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with the till look -- tillamook burn. never. we used to have a very high rate of employment, with a relatively high average, annual salary when the mills were operating. we no longer have mills. what in the hell are we doign to this -- doing to this state? >> do you want to share any thoughts on the east side forest plan my colleague has been trying to put together to get out of this deadlock? >> it all works soemtimes. -- sometimes. but every time that something gets going, it goes to the courts. we are stymied. >> thank you very much. whenever i am hiding in that area, you often see -- hiking in that area, you often see completely overgrown, second- growth forests that are not serving their purpose and are often a source of disease, a potential fire hazard. it is a lose-lose-lose situation. there are a number of things that we need to push forward on. one is the thinning which produces a steady supply of logs, better timber stands, and improves the ecosystem. nothing moves past in this world, but another piece was -- senator wyden and i thought to get money to help for us to thinning. a seco
will take a short break for lunch and at 1:30 p.m., we reconvened with panel 3 on the use of dispersants with three panelists. add to 30 5:00 p.m., panel four will focus on the future of onshore drilling, and we will have three panelists there. at 335 pm, panel 5 lil 0 -- focus on the response in the arctic. we will have five panelists. after a short break, we convene at 5:00 p.m. to begin the public comment period, and at 5:30 p.m., we will adjourn. any member of the public would like to submit a comment made do so via the web site at oilspillcommission.gov. we have a full agenda and we respect everyone's time. we asked all the panelists to please stay within the time limits in order to allow ample time for the commissioners to ask questions. there is a timekeeper right here in front who will monitor the time. we ask the panelists to please begin to summarize their remarks when they reach the timekeeper's one minute mark. i give control of the meeting to our cochairs, senator bob graham and the honorable william reilly. >> thank you. winston churchill described in event as not being the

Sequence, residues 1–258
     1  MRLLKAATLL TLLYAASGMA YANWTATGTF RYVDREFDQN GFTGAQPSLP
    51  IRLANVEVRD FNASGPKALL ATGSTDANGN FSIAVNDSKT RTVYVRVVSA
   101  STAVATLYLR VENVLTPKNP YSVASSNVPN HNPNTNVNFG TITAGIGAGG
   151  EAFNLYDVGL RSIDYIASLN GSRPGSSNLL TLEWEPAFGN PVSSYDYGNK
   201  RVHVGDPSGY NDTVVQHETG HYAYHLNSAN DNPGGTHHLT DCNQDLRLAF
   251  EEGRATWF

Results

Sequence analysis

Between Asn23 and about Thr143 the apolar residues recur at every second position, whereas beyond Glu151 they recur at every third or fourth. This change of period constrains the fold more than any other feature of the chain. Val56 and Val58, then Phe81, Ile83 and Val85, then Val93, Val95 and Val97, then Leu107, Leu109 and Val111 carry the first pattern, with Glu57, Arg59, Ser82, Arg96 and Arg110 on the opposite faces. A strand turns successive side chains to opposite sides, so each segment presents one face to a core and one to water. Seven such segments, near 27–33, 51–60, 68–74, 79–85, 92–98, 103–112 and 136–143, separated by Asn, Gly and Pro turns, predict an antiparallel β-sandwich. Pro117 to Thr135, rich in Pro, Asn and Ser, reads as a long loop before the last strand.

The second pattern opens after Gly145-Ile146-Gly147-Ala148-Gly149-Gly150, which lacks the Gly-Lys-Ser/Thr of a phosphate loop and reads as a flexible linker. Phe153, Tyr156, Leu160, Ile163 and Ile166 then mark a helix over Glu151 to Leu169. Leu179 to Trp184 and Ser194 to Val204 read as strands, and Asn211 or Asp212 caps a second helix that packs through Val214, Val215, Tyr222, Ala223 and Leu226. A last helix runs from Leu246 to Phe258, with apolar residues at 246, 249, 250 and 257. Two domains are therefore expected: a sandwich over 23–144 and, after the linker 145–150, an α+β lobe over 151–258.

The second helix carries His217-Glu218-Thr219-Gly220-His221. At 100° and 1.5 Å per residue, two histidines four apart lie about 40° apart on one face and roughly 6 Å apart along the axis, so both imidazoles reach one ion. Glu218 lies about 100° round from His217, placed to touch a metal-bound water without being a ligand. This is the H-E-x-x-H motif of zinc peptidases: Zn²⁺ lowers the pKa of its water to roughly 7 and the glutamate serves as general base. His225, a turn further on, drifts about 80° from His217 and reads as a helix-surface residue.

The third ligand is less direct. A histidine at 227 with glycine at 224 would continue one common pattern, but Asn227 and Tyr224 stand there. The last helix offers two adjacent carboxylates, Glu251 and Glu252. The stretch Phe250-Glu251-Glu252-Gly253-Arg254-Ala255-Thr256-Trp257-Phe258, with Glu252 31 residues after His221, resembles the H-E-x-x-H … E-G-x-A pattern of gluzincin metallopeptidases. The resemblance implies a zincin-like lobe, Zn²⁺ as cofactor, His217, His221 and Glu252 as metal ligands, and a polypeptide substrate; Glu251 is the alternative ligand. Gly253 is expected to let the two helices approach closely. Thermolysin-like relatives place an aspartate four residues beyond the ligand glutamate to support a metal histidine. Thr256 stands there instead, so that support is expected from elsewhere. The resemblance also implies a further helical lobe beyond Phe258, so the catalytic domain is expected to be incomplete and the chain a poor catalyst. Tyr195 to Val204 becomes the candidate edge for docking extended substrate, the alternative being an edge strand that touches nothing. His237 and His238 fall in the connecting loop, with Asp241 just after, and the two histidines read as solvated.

, is the u.s. still making any use of military bases and oman as in the past? >> i think we have military cooperation with oman, as we do with many countries, but i will defer the specifics to the pentagon. >> do you have any comment on the new japanese foreign minister? will the secretary have a bilateral meeting with him next week? >> we appreciated his many contributions to the u.s.-japan alliance and his role as foreign minister and we look for to working with him in his new capacity as general secretary of the dpj, and we will continue to work closely with the government of japan and the foreign minister across a broad range of issues between our nations. i am confident there will be high level meetings with japan coming up next week, but i will defer it to announcements that others will make on specifics of the bilaterals. >> we were just told before you got up here you would be making the announcement. >> no, no, there are some meetings the secretary will have, some that the president will have. >> can you go through the secretary's meetings as they are scheduled? >> we are relucta